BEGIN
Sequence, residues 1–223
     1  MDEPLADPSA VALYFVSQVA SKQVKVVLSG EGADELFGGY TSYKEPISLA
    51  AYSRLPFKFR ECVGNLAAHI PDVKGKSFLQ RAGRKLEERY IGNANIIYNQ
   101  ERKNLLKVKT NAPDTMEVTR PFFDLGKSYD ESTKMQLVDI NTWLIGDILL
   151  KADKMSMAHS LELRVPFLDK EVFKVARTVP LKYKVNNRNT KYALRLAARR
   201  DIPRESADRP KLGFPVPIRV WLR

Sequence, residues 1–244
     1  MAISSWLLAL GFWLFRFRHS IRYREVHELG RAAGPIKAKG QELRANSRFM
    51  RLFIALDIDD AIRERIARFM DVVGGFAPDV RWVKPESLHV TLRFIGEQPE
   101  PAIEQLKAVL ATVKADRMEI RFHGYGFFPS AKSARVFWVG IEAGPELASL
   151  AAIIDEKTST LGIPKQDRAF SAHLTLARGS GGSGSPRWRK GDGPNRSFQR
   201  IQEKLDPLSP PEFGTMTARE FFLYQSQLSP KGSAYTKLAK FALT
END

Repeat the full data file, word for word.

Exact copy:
Sequence, residues 1–223
     1  MDEPLADPSA VALYFVSQVA SKQVKVVLSG EGADELFGGY TSYKEPISLA
    51  AYSRLPFKFR ECVGNLAAHI PDVKGKSFLQ RAGRKLEERY IGNANIIYNQ
   101  ERKNLLKVKT NAPDTMEVTR PFFDLGKSYD ESTKMQLVDI NTWLIGDILL
   151  KADKMSMAHS LELRVPFLDK EVFKVARTVP LKYKVNNRNT KYALRLAARR
   201  DIPRESADRP KLGFPVPIRV WLR

Sequence, residues 1–244
     1  MAISSWLLAL GFWLFRFRHS IRYREVHELG RAAGPIKAKG QELRANSRFM
    51  RLFIALDIDD AIRERIARFM DVVGGFAPDV RWVKPESLHV TLRFIGEQPE
   101  PAIEQLKAVL ATVKADRMEI RFHGYGFFPS AKSARVFWVG IEAGPELASL
   151  AAIIDEKTST LGIPKQDRAF SAHLTLARGS GGSGSPRWRK GDGPNRSFQR
   201  IQEKLDPLSP PEFGTMTARE FFLYQSQLSP KGSAYTKLAK FALT